“We speak the same language in ventilation technology”

Interview with Geoff Willis, Technology Director of the MERCEDES AMG PETRONAS Formula One Team

Formula One and ventilation technology have more in common than it might appear at first glance: Both racing teams and fan manufacturers employ the latest materials and look for ways to reduce weight and network their products with their environment. Joint interests also exist in the field of aerodynamics. What these are and just how important aerodynamics is to Formula One is explained by Geoff Willis, Technology Director of the MERCEDES AMG PETRONAS Formula One Team, in the following interview.

Which common factors and differences exist between Formula One cars and fans in your opinion?

axial fan

CFD image of an axial fan: The warmer the colour, the higher the flow velocity.

In our dealings with engineers from our Team Partner ebm-papst it became apparent that our work is actually very similar. Whether we are working on fans or on Formula One, we often employ the numerical methods of computational fluid dynamics (CFD) and are constantly looking to improve our products. What’s more, the activities at both ebm-papst and MERCEDES AMG PETRONAS revolve around low-speed aerodynamics*.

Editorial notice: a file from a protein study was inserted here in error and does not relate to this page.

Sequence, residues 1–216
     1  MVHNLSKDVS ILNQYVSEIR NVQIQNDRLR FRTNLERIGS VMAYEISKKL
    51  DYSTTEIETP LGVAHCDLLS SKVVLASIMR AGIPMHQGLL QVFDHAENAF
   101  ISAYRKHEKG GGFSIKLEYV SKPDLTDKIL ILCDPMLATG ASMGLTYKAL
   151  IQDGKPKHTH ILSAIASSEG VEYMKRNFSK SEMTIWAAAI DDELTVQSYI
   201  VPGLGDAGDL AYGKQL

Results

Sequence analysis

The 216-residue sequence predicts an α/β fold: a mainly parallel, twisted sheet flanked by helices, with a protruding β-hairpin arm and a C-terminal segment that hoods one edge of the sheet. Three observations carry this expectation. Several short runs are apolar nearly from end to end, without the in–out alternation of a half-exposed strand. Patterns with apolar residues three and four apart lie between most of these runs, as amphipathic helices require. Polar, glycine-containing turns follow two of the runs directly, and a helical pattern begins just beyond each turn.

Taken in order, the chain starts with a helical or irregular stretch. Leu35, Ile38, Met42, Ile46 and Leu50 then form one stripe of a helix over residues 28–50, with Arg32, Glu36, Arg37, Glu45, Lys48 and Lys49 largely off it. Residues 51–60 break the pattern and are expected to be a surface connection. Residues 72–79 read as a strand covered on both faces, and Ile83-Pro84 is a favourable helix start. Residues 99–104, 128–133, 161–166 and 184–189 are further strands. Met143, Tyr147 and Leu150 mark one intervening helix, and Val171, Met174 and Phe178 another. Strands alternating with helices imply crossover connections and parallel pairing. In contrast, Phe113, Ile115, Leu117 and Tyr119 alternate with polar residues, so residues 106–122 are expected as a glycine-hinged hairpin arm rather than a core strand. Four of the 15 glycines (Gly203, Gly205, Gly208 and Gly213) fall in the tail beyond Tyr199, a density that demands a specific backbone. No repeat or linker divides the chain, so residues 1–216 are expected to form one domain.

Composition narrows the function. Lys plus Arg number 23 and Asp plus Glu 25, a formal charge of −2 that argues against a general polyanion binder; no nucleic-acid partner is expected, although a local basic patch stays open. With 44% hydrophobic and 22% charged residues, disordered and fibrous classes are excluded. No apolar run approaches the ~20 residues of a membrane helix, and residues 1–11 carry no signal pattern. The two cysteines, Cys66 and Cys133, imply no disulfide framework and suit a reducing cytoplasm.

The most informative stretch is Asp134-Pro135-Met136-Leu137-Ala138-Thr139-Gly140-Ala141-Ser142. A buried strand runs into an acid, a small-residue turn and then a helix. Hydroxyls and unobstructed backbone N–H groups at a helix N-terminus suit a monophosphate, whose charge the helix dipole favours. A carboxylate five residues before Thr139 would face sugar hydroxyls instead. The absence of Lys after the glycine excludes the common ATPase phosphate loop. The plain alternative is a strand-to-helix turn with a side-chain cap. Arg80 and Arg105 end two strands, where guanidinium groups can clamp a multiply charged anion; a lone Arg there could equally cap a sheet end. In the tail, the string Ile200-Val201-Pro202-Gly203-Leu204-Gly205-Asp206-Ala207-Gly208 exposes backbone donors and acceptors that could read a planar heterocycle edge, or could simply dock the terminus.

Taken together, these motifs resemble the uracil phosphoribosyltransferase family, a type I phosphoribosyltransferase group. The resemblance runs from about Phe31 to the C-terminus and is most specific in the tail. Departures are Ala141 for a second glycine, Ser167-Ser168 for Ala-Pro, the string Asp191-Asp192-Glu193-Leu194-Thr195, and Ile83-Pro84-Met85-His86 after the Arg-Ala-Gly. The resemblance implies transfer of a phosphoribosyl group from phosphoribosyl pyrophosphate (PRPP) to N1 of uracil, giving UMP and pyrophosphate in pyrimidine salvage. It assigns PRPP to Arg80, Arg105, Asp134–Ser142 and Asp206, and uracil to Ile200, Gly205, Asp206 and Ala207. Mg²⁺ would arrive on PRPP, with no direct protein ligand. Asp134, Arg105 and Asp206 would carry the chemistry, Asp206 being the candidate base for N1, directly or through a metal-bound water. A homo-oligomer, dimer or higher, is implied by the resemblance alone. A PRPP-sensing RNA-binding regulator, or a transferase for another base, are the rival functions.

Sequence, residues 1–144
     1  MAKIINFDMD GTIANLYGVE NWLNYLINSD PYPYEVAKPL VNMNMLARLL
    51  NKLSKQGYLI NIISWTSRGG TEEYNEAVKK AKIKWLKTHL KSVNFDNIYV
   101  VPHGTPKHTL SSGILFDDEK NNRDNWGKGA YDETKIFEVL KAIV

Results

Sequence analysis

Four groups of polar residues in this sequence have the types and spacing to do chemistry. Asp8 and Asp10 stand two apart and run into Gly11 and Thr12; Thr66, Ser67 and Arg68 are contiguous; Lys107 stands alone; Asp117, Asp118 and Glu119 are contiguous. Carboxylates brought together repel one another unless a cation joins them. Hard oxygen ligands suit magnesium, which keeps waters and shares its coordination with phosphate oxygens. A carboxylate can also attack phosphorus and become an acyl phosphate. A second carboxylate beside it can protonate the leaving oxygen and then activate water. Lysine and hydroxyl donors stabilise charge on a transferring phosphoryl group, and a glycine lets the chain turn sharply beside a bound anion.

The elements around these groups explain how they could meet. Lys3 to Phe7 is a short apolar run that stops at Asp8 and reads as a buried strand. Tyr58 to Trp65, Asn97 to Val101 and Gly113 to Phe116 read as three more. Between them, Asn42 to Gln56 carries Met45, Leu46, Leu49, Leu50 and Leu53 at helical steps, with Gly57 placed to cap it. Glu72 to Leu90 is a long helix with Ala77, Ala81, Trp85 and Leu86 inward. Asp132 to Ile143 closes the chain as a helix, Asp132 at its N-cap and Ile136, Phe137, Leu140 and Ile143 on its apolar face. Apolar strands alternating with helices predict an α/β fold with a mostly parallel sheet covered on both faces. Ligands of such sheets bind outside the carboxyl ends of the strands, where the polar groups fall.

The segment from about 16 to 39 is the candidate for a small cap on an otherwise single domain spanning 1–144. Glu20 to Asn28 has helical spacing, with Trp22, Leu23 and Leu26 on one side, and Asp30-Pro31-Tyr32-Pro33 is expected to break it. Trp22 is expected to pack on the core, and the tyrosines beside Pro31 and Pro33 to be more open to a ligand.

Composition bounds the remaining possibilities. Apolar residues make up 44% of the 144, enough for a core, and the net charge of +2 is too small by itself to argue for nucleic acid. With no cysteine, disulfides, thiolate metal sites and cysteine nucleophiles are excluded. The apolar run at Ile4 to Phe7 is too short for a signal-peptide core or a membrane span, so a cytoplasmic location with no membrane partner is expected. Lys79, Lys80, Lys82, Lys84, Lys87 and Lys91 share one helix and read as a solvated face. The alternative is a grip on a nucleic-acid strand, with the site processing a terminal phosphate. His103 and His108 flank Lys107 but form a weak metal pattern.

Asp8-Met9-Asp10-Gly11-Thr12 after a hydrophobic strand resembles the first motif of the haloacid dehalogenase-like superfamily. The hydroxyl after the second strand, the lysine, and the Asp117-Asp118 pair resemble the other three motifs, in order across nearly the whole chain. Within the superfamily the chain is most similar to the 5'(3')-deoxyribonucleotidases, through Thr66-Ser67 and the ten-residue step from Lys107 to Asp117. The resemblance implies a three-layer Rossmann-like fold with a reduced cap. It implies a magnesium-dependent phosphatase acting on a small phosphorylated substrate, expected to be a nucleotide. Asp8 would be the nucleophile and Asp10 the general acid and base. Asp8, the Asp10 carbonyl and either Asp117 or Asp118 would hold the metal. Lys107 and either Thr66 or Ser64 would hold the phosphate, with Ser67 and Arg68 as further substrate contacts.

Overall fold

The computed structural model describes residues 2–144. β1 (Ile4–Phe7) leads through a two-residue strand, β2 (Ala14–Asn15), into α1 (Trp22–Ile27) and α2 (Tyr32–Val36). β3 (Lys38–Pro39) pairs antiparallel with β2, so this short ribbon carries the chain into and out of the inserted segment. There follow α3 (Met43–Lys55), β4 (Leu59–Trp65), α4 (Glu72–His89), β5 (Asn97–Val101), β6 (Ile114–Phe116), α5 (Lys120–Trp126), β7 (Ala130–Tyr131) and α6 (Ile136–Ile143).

So the engineers speak in the same terms regardless of whether they are talking about fans or Formula One. The differences lie in the solutions we develop and the types of flow involved in our work. Whereas rotating flows play a major part with regard to fans, we are primarily concerned with the so-called ground effect which arises as a result of producing downforce so close to the ground.

*Low-speed aerodynamics refers to the branch of aerodynamics involving flow velocities of up to approx. Mach 0.3.

How many members of your team work on the aerodynamics of Formula One cars?

There are around 70 aerodynamics experts, engineers and specialists in our team who are directly involved with this topic. On top of that there are another 80 people who provide technical support in this field. They design and construct the models or are responsible for the technical aspects of the wind tunnel. To help coordinate the work, the aerodynamics department is divided into several sub-groups. Each of these has all the resources it requires to concentrate on a certain part of the car or specific tasks.

What are the most important aspects of your work in the area of aerodynamics?

One aim is to increase the downforce to give the cars better grip and to permit faster cornering. We also look for ways to reduce drag, as this saves fuel and helps us achieve better lap times. But the most important thing – as the drivers are always telling us – is the vehicle balance. A car has to have the right amount of grip at the front and rear and at the same time handle well on cornering. Which is why we sometimes sacrifice a bit of absolute downforce in the interests of obtaining a more consistent downforce.

How do you go about measuring balance?

Nowadays we have the means to gather plenty of data which provides us with information on all the forces acting on the car and how we can alter these. The finer details however come from the drivers. They can give us a better idea of how quickly the forces build up on entering a corner for example. So their feedback is vital to our work.